Archaeological implications of Points 3 and 4. The presence of many preceramic cemeteries point toward intensive or continuous human occupation of the coast. This contrasts with the present aridity of the region and the difficult access to some of the more isolated harvesting locations along the steep coastal plane). Population density is still unclear, but at least two cemeteries, Morro and Playa Miller 8 revealed intense occupation. They total about 200 preceramic inhumations.

B. Excavations

1. Shell midden at Camarones Cove

Here we tested a shell midden located at E367055/N7876879. Rivera (1984) previously excavated part of this site. We cleaned and sifted the west profile with the objective of talking samples for pollen analyses. The profile revealed at least 15 strata with mixed layers of shells and hearths and had a depth of 3.9 meters. We took six charcoal samples to be radiocarbon dated from strata 3, 5, 10, 10.1, 14 and 15. All samples were sent to Desert Research Institute (University of Nevada, Las Vegas).

Malacological Analyses: The analyses of the strata revealed evidence of intensive harvesting of edible mollusks: Choromytilus chorus and Concholepas concholepas. A detailed study of the species collected is being undertaken.

Botanical Analyses: Botanist Oriana Nuñez analyzed about 200 grams of soil samples taken from strata 3, 5, 10, 10.1 13 and 15 to search for seeds, and micro-residual of plants using five types of sieves (1.7 mm, 1.40 mm, 1.0 mm, 710 um and 500 um). In all the samples a continuous use of reeds and shells was found. However, stratum 3 was the only one to show evidence of sea urchins. Animal osseous fragments were also common to these strata. No evidence of seeds was found.

Pollen Analyses: Botanist Eugenia Rosello analyzed about 100 grams of soil taken from Strata 3, 5, 10, 10.1, 13, and 15 to search for fossil pollen following standard pollen procedures (Fonnegra, 1989). The identification was done using a binocular microscope LEITZ HM-LUX 3A. Rosello found a total of 16 types of pollen and was able to identify Gramineae aff. Distichlis, Compositae (brea), Chenopodiaceae aff. Atriplex, and Anacardiaceae aff. Schinus molle.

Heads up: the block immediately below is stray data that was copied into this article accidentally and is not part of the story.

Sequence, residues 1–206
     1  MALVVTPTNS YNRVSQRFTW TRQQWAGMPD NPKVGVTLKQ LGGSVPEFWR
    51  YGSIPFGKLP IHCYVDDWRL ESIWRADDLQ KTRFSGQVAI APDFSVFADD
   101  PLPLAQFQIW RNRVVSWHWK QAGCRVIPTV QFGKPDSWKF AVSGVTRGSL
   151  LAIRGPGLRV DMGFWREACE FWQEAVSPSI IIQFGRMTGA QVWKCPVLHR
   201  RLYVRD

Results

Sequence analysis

Radiocarbon dates: The following 14C corrected dates were obtained from the strata: 1674 + 64 B.C. (stratum 3); 2200 + 73 B.C. (stratum 5); 2743 + 123 B.C. (stratum 10) 2332 + 95 B.C. stratum (10.1), 2132 B.C. + 144 (stratum 13) and 2560 + B.C. 67 (stratum 15). All the above dates are uncalibrated.

Archaeological implications: Human occupation at this Camarones midden was continuous for at least 900 years (2560 to 1674 B.C.). Rivera (1984) reported even an earlier date of 3690 + 160 B.C. for the same site. The vast amount of shellfish indicates a gathering economy and the presence of numerous hearths suggests they were probably cooking or smoking their food. Nearby this shell midden, there are numerous small terraces that may correspond to ancient huts, but their antiquity needs to be ascertained. All these dates obtained fit perfectly within the range of the Chinchorro mummies with artificial mummification (black to mud-coated, circa 5050 B.C. to 1700 B.C.) as described by Arriaza (1995b). Lastly, the microscopic remains of grasses in many strata, and the pollen found in the lower stratum (e.g. No 13) dated to 2132 B.C. was associated with grasses and shrubs, indicating availability of fresh water in this location in ancient times.

2. Excavation at Punta Baquedano

We returned to Punta Baquedano, by boat, to dig the shell midden. To get to this remote site with all the excavation material was an adventure in itself. At this site we dug up and sifted a 3x1-meter unit following the natural strata. There were at least 21 strata of alternating layers of hearths and maritime fauna given a total height of 3.2 meters. Seven charcoal samples were collected to be radiocarbon dated.

Main Analyses: The 14C corrected dates obtained were as follows: A.D. 255 + 73 (stratum 2), A.D. 264 + 73 (stratum 4), A.D. 231 + 69 (stratum 9), 478 + 53 B.C. (stratum 16), 429 + 57 B.C. (stratum 17), 200 + B.C. 121 (stratum 18), and 560 + 176 B.C. (stratum 21). Contrary to our expectations, these dates fall within the Arica ceramic period.

Cultural Material: The ceramic occupation covered strata 1 to 16. Based on cultural materials (triangular lithic points, chert knives, bone harpoons tips, utilitarian ceramic 10 mm in thickness) and faunal remains (sea lion bones and shark teeth), it is clear that the ceramic people intensively engaged in hunting large sea mammals and fishing, unlike the Camarones Cove situation. Reed mats and cactus needles were also present in many strata, suggesting utilization of distant resources, since no evidence of ancient water springs were noted. Strata 17 to 21 (200-500 B.C.), in contrast, lacks ceramics and other cultural objects, and indicates, instead, a gathering subsistence of Choromytilus and Concholepas with occasional hunting of birds and sea lions. Unfortunately, the dates obtained for strata 16,17, and 18 do not follow a sequence, strata 16 is older than strata 18. This mixing of layers was most likely due to the steep slope of the terrain. The earliest occupation (strata 21) was dated to 560 B.C. The latter date falls within the Arica Formative Period. A preceramic occupation is highly possible considering the site dimensions.